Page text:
Retirement planning is a tricky thing for many Americans. Retirement involves a person making the choice to leave the workforce. However, once a person leaves the workforce, that means they lose their source of income. Without a consistent source of income, many people cannot keep up with their bills like a mortgage, a car payment, etc. In fact, many people don’t even realize that there are a lot of different accounts that can help them reach their goals. One popular option for retirement savings is a 401(k) plan.
What is a 401(k) Plan?
This specific retirement account is only available to employees. That’s because employers are the ones who offer this option! This is popular amongst employees because it helps them save for retirement, comes along with tax benefits, and contribution benefits. These accounts are investment accounts. That means that the funds you contribute into the account will go towards investments. Usually the investment options available are limited by the options that the employer chooses.
Even though these accounts come with a variety of benefits, there are rules around these types of plans. One of the biggest rules are the contribution limits in place. In 2021 the contribution limits for a 401(k) were:
- $19,500 for people younger than 50 years old
- $26,000 for people older than 50 years old
On the other hand, the contribution limits for 2022 were:
- $20,500 for people younger than 50 years old
- $27,000 for people older than 50 years old
That means that these limits can change every year! It is important to be aware of these changes so you can make the most out of your 401(k).
Different Types of 401(k) Accounts
It’s also important to keep in mind that the type of plan will impact how it works. There are two main types of 401(k) accounts. There are:
- Traditional 401(k)s
- Roth 401(k)s
Understanding Traditional 401(k) Plans
Typically when people think of a 401(k) account, they are likely thinking of a Traditional 401(k). When an employee makes a contribution into this type of account, they will use pre-tax dollars. Why is that important? Since no taxes have been applied to the funds, that means that individuals can use the contribution as a tax deduction. Tax deductions are a benefit because they can reduce the taxable income of the employee. For example, let’s say an employee made a $3,000 contribution towards their Traditional 401(k) account. If their annual income for that year was $35,000 then they could apply the tax deduction and only pay taxes on $32,000 worth of income.
Like we said earlier, there are rules that come along with these types of accounts. Besides contribution limits, there are required minimum distribution (RMD) rules. RMDs require the account holder to begin taking funds out when they are 72 years old. When a person takes funds out of their account, it is known as a distribution.
When you take out a distribution from your account, they will be taxed at the standard income tax rate (since the funds in the account are pre-tax). That means you can expect to pay taxes on what you take out! The standard income tax rate is determined by your income level. However, there are exceptions to this rule! For example, an exception would be if you were born before January 2nd, 1936 and choose to take your distribution out as a lump sum.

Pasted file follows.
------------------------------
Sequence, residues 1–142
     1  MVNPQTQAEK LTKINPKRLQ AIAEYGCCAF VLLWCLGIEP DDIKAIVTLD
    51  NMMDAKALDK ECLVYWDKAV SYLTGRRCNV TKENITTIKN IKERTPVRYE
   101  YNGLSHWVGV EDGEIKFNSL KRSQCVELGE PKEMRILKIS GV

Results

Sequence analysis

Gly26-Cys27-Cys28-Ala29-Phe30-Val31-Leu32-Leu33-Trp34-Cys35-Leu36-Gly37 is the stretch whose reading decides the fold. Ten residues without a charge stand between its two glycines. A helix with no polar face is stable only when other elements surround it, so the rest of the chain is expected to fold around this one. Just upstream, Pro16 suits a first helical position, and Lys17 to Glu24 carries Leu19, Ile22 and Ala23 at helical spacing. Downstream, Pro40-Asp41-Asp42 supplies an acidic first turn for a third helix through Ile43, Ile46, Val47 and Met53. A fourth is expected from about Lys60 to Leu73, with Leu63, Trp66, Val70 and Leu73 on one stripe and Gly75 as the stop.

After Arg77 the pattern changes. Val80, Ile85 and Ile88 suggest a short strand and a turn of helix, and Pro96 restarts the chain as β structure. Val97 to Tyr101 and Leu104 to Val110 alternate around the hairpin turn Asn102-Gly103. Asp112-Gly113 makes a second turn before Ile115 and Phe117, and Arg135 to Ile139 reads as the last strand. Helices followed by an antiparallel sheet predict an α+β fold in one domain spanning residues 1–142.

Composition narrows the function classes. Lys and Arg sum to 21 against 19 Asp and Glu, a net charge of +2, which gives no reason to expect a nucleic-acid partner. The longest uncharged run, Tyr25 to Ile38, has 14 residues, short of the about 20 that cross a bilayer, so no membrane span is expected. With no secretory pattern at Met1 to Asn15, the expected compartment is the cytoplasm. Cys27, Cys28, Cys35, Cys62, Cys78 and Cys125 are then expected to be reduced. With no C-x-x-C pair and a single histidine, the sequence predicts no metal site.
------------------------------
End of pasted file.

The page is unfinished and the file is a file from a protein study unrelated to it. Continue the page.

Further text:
Understanding Roth 401(k) Plans
Now that you have a better understanding of Traditional 401(k) accounts, it is time to get a better understanding of Roth 401(k) accounts. The funds that people put into this account are after-tax. That means that taxes have already been applied to the funds before they are placed into the account. However, even though a person will not be able to see the tax benefits right away, they will see them down the line. That’s because the distributions that you take out of this account will not face any additional taxes! Just like with a Traditional 401(k) account, there are rules that come along with Roth 401(k) accounts. Besides contribution limits, there are required minimum distribution (RMD) rules. RMDs require the account holder to begin taking funds out when they are 72 years old.
When taking funds out of a Roth 401(k) account, it is important to remember that the distributions must be qualifying. Qualifying distributions meet requirements like:
- 5 years have passed since the account holder opened and deposited funds into their account
- The account holder is at the retirement age for this account which is at least 59 and ½ years old at the time of the distribution.
What are the Pros and Cons of a 401(k) Plan?
Just like anything you consider in life, you will want to make sure you look at the pros and the cons of this plan. Let’s start off by looking at the pros! Some of the benefits that come along with this retirement account are:
- Federal Legal Protection
- Potential Employer Matching
- High Yearly Contribution Limits (If Offered)
- Free Investment Advice
While these are some nice benefits, there are some drawbacks to be aware of as well. Some of the cons that come along with this type of account include:
- Potentially Limited Investment Options
- Potentially Higher Account Fees
- There May be Early Withdrawal Penalties
While these drawbacks may not necessarily outweigh the benefits, it just depends on the person. For example, if you are someone that doesn’t want to deal with limitations when it comes to your investment options, then you may not like a 401(k). That’s because instead of being able to invest in whatever you want, you may be limited by the investment options that the employer chooses.